I joined the Lighter Capital team just over a month ago as VP of Business Development and it’s been an absolute blast. We have a great team with a vibrant, entrepreneur-friendly culture and investment model and a strong track record.
While I learned a lot investing over $40M as an early-stage VC in the early 2000s, this is something altogether different—and much better! We have several strong tech ecosystem partnerships in place and I’m excited to build on this foundation.
Last week I had the opportunity to attend Iconic Seattle. The CNBC and Inc. Magazine teams did an amazing job capturing the energy, excitement, and lessons learned when it comes to starting up a new venture. I wanted to share just a few highlights, thoughts and observations from the event as they relate to startups.
#IconicTour16 brought together a bunch of thought leaders from Seattle and far beyond, including Shark Tank notables Kevin O’Leary and Robert Herjavec, co-founder of Paul Mitchell and Patron Spirits, John Paul Dejoria, the cerebral founder of ZipCar, Robin Chase, and Danae Ringlemann, the Founder and CDO of IndieGoGo, among others.
Fearless in Seattle
One of the highlights of Iconic Seattle was the chance to reflect on Seattle’s startup scene. There’s plenty of friendly dialogue about Seattle vs Silicon Valley out there and we’re a relatively low key bunch here in the Puget Sound, the “Fearless in Seattle” panel discussion got everyone fired up about the state of startups and investments in the area.
The organizers picked three great panelists who represented a cross-section of Seattle:
Moderator Jon Fine (Executive Editor of Inc. magazine) challenged the panel to define what distinguishes Seattle’s robust startup and entrepreneurial culture from other cities like San Francisco and Boston. The group also discussed where the Seattle community should invest to further develop a supportive startup and investor culture.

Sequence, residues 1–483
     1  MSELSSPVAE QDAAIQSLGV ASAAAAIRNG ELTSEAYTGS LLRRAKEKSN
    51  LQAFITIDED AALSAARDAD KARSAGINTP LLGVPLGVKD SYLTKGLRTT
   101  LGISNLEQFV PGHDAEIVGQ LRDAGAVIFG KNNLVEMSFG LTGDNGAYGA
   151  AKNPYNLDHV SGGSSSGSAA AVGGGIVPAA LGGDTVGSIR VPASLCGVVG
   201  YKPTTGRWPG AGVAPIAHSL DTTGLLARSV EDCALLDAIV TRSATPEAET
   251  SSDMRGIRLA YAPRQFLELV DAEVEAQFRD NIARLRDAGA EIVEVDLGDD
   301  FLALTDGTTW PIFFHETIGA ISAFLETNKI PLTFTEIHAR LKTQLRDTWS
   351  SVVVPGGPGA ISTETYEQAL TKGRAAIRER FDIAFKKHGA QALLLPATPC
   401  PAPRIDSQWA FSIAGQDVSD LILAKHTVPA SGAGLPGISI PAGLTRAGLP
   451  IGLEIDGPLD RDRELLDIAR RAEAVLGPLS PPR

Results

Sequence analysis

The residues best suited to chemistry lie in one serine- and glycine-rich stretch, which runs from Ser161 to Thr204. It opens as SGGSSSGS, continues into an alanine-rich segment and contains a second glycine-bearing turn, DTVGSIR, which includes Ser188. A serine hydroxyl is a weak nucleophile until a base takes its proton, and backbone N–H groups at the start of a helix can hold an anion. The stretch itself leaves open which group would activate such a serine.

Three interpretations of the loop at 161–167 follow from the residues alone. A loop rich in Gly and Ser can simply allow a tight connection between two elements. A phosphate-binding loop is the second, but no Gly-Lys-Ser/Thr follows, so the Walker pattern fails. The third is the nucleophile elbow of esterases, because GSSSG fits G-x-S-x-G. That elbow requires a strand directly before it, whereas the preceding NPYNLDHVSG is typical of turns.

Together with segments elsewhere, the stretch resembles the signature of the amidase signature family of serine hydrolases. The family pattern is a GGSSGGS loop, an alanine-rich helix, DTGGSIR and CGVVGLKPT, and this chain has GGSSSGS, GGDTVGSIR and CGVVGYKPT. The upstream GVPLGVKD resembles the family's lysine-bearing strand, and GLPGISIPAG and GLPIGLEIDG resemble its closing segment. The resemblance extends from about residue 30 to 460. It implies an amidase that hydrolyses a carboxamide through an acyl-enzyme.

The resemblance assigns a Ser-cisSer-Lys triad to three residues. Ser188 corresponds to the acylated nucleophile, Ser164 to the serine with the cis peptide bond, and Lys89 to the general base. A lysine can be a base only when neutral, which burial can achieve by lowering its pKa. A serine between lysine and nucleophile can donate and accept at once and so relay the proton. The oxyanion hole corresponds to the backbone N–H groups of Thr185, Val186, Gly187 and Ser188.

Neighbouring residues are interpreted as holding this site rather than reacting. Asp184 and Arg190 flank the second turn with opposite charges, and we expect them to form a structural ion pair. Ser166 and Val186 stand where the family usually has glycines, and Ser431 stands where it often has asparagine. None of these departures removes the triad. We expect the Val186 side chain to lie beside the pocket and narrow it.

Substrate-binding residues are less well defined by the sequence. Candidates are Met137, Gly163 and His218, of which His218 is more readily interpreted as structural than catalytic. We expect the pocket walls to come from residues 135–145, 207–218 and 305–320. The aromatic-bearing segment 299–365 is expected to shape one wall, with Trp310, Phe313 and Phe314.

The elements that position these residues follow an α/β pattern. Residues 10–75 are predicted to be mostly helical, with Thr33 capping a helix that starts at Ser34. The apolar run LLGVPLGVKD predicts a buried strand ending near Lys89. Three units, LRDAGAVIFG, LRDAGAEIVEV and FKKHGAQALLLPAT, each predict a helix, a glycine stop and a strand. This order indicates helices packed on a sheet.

I wanted to share just a few of the more interesting points I took away from the discussion.
What is Seattle doing well? What are Seattle’s strengths relative to other cities?
The University of Washington contributes enormous resources in terms of education, capital, talent, and intellectual property.
Leading tech giants such as Microsoft, Amazon, Google, Expedia et al have done an amazing job of drawing people to the region. Other tech companies such as Apptio, F5, Tableau, Zillow and Zulily also play a big role in attracting and developing talent.
The Seattle startup community is smaller, more accessible, and friendlier. It’s a tight-knit, supportive community and people are collaborative and involved.
Employees in Seattle are more loyal than some other tech markets; typically, employees stay longer.
How would you improve Seattle’s investor culture?
Seattle needs to promote its assets more actively. Culturally, Seattle is a more conservative, reserved community, but we’ve had a number of exceptional successes and as a community we need to promote our accomplishments more.
It would be great to have more than just the big 3–4 VC firms in Seattle! The gap between angels and the limited number of VCs we have in town is significant. There’s a stigma associated with a Seattle startup getting rejected by all the Seattle VCs then trying to raise in the Bay Area.
It would be great to see Seattle angel investors be more aggressive and take on more risk by getting into deals earlier.
We’ll add a link to the video of the panel discussion when it becomes available from Inc. Magazine.
Part of Lighter Capital’s mission is to bridge the chasm between Angel/Friends & Family financing and Venture Capital—a gap that the Seattle panel talked so much about. Along with TechStars and other organizations who support seed and early-stage companies, we’re excited to continue playing an active role in nurturing the evolving entrepreneurial culture of Seattle.
Our team funds viable firms that angels understand but that banks and VCs aren’t ready to fund. So bring us your recurring revenue models—we’re excited to explore entrepreneur-friendly funding options you may not have considered.